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Oct 5, 2008 12:32 PM

Champagne to lay down


I want to lay down a bottle of champagne for 18/21 years for my recent godchild, any advice would be appreciated.

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  1. Many of the top 96's were just released. You could get a bottle of Krug for about $350. could buy a really nice sauternes or port.

    3 Replies
    1. re: chrisinroch

      That may have been the release price, but I haven't seen any '96 Krug less than $600. Would you kindly point out where I may find such a wine at this price? I'd be all over that.

      1. re: mengathon

        I have a 6 pack. What do you have to trade?

        1. re: chrisinroch

          My 401K, first-born child, eternal gratitude, etc....

    2. First of all, presuming your recent godchild was born THIS year, don't you need to wait and see if 2008 is a vintage year in Champagne, and then wait for them to come to market???

      While many Champagnes DO indeed age, asking one to go 18-21 years eliminates most of them. I'm with chrisinroah -- I'd do Sauternes or Porto . . . MUCH more likely to not merely survive until your godchild reaches 21, but much more likely to IMPROVE with that aging . . .

      4 Replies
      1. re: zin1953

        Well said. Even with the champagnes that are built to age, they are somewhat of a different animal I hear when they are drunk 20 years down the road. More concentrated and less fizzy. Some folks might not even like that. 2008 is up in the air, but 2007 was a killer year for sauternes. For $150, you could buy 4 half bottles of top notch producers.

        1. re: zin1953

          I agree in principle, but you must concede that there are notable exceptions. First, granted, 2008 would have to turn out to be a banner year - and the early buzz is that it's probably not going to be... but there are a handful of Champagnes that would certainly improve for that long. 21 years ago was 1987 - not a declared vintage, but 1988 was - and several 1988's, that were stored well, are still drinking well - 1988 Salon, 1988 Krug, 1988 Paul Roger Cuvee Winston Churchill, 1988 Philliponnat Glos de Goisses, etc. Another possibiltiy is Vilmart Coeur de Cuvee.

          There is hope - however slim!


          1. re: georgempavlov

            >>> I agree in principle, but you must concede that there are notable exceptions. <<<

            Didn't I say that? "While many Champagnes DO indeed age, asking one to go 18-21 years eliminates most of them." MOST, but not all . . . ;^)

            1. re: zin1953

              Yes, of course you said that. I wasn't trying to be argumentative - just offering my own perspective. You are, of course, right - and obviously quite knowledgeable; I wasn't contradicting you, just me offering my $0.02.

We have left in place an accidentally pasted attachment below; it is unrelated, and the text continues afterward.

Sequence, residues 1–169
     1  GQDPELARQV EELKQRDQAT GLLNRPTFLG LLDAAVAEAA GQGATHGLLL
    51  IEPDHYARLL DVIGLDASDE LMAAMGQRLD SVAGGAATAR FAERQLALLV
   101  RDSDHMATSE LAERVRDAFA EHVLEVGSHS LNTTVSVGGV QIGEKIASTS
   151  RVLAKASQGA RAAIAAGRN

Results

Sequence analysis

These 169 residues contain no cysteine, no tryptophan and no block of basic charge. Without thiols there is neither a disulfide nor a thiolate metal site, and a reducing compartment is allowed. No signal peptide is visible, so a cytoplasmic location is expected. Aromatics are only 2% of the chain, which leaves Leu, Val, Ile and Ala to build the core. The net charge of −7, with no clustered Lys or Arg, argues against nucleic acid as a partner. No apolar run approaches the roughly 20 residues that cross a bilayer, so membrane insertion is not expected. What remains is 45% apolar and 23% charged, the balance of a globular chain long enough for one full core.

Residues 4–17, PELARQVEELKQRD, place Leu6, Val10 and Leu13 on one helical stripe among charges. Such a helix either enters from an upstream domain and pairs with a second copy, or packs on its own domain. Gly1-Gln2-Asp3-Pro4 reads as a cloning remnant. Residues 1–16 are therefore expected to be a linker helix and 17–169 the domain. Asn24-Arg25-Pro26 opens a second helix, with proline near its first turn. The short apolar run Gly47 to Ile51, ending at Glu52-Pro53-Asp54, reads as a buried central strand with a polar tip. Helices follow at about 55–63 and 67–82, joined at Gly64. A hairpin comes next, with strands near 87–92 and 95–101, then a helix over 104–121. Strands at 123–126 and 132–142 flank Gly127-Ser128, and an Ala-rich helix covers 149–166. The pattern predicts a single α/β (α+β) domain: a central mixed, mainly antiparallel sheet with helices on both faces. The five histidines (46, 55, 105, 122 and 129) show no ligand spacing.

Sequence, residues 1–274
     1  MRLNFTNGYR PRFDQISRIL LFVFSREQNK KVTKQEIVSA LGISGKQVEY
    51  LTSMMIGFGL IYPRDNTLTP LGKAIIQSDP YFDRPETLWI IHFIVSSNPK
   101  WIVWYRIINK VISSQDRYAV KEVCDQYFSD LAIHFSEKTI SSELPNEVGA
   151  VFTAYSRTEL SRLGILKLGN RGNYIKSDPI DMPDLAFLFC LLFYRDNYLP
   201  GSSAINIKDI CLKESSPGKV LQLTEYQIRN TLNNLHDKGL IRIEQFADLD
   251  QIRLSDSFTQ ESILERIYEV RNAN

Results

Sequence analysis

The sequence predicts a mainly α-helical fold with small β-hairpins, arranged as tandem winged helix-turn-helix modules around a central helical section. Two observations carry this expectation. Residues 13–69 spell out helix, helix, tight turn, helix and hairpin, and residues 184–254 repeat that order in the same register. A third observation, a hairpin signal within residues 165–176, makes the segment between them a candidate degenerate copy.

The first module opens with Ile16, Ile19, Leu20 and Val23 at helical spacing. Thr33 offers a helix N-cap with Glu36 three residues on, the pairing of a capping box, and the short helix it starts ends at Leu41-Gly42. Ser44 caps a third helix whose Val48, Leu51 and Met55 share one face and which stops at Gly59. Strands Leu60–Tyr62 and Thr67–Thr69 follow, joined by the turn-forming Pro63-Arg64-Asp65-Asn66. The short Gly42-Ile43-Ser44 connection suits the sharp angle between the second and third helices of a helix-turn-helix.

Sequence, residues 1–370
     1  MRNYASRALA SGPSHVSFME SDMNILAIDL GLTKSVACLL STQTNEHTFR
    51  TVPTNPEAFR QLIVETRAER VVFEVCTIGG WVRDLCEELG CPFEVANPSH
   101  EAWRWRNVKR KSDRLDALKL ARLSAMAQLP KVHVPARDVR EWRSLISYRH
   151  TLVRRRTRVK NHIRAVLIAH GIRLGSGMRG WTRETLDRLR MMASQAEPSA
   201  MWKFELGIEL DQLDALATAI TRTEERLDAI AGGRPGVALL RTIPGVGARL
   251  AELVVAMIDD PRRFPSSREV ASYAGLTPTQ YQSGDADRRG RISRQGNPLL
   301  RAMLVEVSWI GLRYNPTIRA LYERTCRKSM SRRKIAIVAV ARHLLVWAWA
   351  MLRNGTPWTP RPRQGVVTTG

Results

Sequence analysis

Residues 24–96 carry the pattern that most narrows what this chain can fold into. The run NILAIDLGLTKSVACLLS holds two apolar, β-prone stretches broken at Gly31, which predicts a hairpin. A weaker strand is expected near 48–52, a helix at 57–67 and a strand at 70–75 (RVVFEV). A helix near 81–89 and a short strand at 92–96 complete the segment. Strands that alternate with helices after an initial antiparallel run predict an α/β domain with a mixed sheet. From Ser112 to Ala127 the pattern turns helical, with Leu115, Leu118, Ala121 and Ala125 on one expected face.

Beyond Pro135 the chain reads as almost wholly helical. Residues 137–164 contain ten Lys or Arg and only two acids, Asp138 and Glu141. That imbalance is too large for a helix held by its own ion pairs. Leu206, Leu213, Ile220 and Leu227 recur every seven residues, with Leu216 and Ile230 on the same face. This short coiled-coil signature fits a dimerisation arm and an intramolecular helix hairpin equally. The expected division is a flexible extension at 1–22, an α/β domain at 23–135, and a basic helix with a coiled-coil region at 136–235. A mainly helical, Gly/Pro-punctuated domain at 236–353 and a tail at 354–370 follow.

I've tasted a few old-ish (20-30 years old) Champagnes that were truly sublime - a couple of vintages of Salon, in particular, and they were among the great wine experiences of my life.

              Of course, mature Champagne is, as you say, altogether something different, but so is mature still wine compared to young - you must admit.

        2. We've got some 1996 Dom P in the cellar and its been drinking fine when we pop it over the last couple of years. No degradation so far. We are careful to cellar it carefully in its case, though.

          Here's some advice from an interview

          2 Replies
          1. re: girobike

            I would be shocked if a top-quality 1996 Champagne showed signs of degradation this early. But asking it to be in GREAT shape in 2029 is too much for 95-plus percent of all top-quality Champagnes . . .

            1. re: zin1953

              Plus one also has to like Champagne that is that old and doesn't have a recently disgorged or late disgorged designation.

          2. Since the OP has started a new thread, I feel fine hijacking it a bit....

            What do certain houses do that makes their wine built to last. Is it just the juice they buy or does the winemaking process btw say Krug and somebody like Duval Leroy?

            In other words, if thOP owned the house, could he force a few cases of long lived nectar out of his production regardless of whether it was a declared vintage with great juice?

            1 Reply
            1. re: chrisinroch

              In a word, "structure."

              Salon, as an example, does *not* put their wines through malolcatic fermentation. No malo generally means higher acidity overall, and certainly higher levels of malic acid than a wine which does undergo malolactic; therefore, better structure and backbone means better aging potential.

              Certainly the character and quality of the grapes matter as well, as they would with any wine. The better the quality of the "raw materials" . . .

              Also -- how long was the wine en tirage? Some wines might be on the yeast for as little as (e.g.) three years, while a wine like Bollinger R.D. might be en tirage for nice or ten!

              Now then, having said all of that, I'll readily admit I've never made sparkling wines, and they ARE a world unto itself. After all, it's the only wine that the winemaker cannot taste during production . . . as Ringo said, "It's all in the mind, you know."